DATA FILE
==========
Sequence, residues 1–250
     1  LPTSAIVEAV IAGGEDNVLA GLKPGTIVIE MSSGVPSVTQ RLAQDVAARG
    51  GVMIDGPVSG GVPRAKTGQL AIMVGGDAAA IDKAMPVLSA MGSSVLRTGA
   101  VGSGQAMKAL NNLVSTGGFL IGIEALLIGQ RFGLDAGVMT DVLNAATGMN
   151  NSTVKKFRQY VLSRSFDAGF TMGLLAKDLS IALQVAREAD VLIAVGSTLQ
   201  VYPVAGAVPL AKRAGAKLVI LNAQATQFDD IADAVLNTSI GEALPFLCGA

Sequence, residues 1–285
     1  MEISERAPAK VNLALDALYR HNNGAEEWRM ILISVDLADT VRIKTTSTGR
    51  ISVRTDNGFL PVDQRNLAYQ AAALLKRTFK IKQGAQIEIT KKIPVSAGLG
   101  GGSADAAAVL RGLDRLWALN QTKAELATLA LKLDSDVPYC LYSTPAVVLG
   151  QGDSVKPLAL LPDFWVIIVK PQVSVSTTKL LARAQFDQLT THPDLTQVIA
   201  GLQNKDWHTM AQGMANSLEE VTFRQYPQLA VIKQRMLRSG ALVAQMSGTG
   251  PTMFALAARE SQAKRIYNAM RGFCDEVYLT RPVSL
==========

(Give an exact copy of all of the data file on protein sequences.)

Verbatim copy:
Sequence, residues 1–250
     1  LPTSAIVEAV IAGGEDNVLA GLKPGTIVIE MSSGVPSVTQ RLAQDVAARG
    51  GVMIDGPVSG GVPRAKTGQL AIMVGGDAAA IDKAMPVLSA MGSSVLRTGA
   101  VGSGQAMKAL NNLVSTGGFL IGIEALLIGQ RFGLDAGVMT DVLNAATGMN
   151  NSTVKKFRQY VLSRSFDAGF TMGLLAKDLS IALQVAREAD VLIAVGSTLQ
   201  VYPVAGAVPL AKRAGAKLVI LNAQATQFDD IADAVLNTSI GEALPFLCGA

Sequence, residues 1–285
     1  MEISERAPAK VNLALDALYR HNNGAEEWRM ILISVDLADT VRIKTTSTGR
    51  ISVRTDNGFL PVDQRNLAYQ AAALLKRTFK IKQGAQIEIT KKIPVSAGLG
   101  GGSADAAAVL RGLDRLWALN QTKAELATLA LKLDSDVPYC LYSTPAVVLG
   151  QGDSVKPLAL LPDFWVIIVK PQVSVSTTKL LARAQFDQLT THPDLTQVIA
   201  GLQNKDWHTM AQGMANSLEE VTFRQYPQLA VIKQRMLRSG ALVAQMSGTG
   251  PTMFALAARE SQAKRIYNAM RGFCDEVYLT RPVSL